1 Introduction

Around 85% of pancreatic cancers are pancreatic ductal adenocarcinomas (PDACs) [1]. PDAC is one of the leading and increasing causes of cancer-related death, with less than 10% of patients surviving 5 years after diagnosis [2, 3]. Poor outcomes are due to late detection, metastatic spread, high recurrence rate and resistance to chemotherapy [4]. Mutant KRAS is essential for PDAC tumorigenesis and growth establishing PDAC as the most RAS-addicted cancer [5, 6]. Treatment for PDAC consist of administration of conventional cytotoxic drugs in absence of effective targeted therapy so far [7, 8]. Standard of care for PDAC has been gemcitabine, followed by nab-paclitaxel-gemcitabine combination and the extremely toxic FOLFIRINOX (folinic acid, fluorouracil, irinotecan and oxaliplatin) regimen [9]. Whereas surgical resection may have a curative effect in early stages, almost 80% of those undergoing surgery succumb to disease recurrence.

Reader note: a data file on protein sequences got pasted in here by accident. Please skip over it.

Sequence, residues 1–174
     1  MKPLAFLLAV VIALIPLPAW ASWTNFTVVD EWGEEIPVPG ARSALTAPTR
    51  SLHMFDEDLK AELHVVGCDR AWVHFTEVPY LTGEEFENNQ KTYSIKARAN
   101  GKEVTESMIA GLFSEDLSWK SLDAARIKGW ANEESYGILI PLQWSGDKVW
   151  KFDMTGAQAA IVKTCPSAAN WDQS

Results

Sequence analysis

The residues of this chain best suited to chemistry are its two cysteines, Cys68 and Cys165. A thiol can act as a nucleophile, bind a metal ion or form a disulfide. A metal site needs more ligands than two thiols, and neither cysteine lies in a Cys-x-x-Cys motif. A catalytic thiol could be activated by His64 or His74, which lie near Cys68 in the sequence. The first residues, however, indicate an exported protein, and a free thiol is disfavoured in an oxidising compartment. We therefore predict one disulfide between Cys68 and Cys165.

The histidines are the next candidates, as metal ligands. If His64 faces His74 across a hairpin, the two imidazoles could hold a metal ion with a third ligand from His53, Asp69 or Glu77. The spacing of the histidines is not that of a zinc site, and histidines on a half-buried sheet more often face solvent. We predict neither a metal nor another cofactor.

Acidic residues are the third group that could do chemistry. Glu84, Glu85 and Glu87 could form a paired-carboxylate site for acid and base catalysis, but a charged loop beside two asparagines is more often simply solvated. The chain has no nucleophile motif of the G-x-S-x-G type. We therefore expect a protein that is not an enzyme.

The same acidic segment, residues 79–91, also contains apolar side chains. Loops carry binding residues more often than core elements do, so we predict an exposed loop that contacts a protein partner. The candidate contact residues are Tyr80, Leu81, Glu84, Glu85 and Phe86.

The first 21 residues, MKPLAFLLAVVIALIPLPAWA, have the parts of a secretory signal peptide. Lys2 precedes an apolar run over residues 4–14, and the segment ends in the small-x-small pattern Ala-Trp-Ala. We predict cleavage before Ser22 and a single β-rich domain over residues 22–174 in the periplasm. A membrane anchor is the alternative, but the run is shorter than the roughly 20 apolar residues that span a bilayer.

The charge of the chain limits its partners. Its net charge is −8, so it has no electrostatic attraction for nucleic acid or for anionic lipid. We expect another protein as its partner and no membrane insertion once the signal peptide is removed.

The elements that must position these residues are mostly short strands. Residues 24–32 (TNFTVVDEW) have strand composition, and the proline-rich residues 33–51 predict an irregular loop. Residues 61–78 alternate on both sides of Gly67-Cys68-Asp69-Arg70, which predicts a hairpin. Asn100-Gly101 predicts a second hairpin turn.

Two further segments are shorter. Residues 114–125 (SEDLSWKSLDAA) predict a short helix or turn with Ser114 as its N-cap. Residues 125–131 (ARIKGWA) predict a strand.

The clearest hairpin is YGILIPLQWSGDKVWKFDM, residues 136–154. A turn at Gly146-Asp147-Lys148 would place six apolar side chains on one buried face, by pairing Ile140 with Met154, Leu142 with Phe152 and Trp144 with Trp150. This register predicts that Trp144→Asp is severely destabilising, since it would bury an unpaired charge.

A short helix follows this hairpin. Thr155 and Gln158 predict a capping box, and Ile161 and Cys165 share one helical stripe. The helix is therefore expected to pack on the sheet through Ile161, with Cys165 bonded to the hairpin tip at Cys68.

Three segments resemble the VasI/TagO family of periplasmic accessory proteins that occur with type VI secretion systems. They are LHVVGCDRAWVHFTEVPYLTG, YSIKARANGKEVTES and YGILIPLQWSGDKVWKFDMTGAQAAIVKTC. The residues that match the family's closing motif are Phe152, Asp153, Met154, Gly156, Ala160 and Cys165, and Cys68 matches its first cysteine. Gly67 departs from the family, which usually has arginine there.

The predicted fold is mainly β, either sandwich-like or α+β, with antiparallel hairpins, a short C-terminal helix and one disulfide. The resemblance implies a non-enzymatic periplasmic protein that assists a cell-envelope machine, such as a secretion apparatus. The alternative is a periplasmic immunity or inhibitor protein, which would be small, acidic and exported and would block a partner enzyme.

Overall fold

The most frequent genetic alterations in PDAC are activating mutations in KRAS and inactivating mutations in CDKN2A, TP53, and SMAD4 with an incidence of approximately 85%, > 50%, 60–70%, and 50%, respectively [10]. Genes affecting epigenetic regulation and the DNA damage response are mutated at lower frequencies [11, 12]. These recurrently mutated genes alter several signaling cascades involving KRAS, G1-S cell cycle checkpoint, TGF-β, and WNT [13]. The most frequent driver mutations in KRAS are G12D and G12V accounting for 80–90% of KRAS alterations in PDAC [14,15,16]. Thus, successful targeting KRAS G12C in NSCLC employing sotorasib (AMG 510) and adagrasib (MRTX849) has a minor impact for PDAC that exhibit G12C mutations in 1–2% of cases [17,18,19]. However, Mirati Therapeutics showed partial responses in 5 patients and a disease control rate of 100% in 10 KRAS G12C mutant pancreatic cancer patients [20].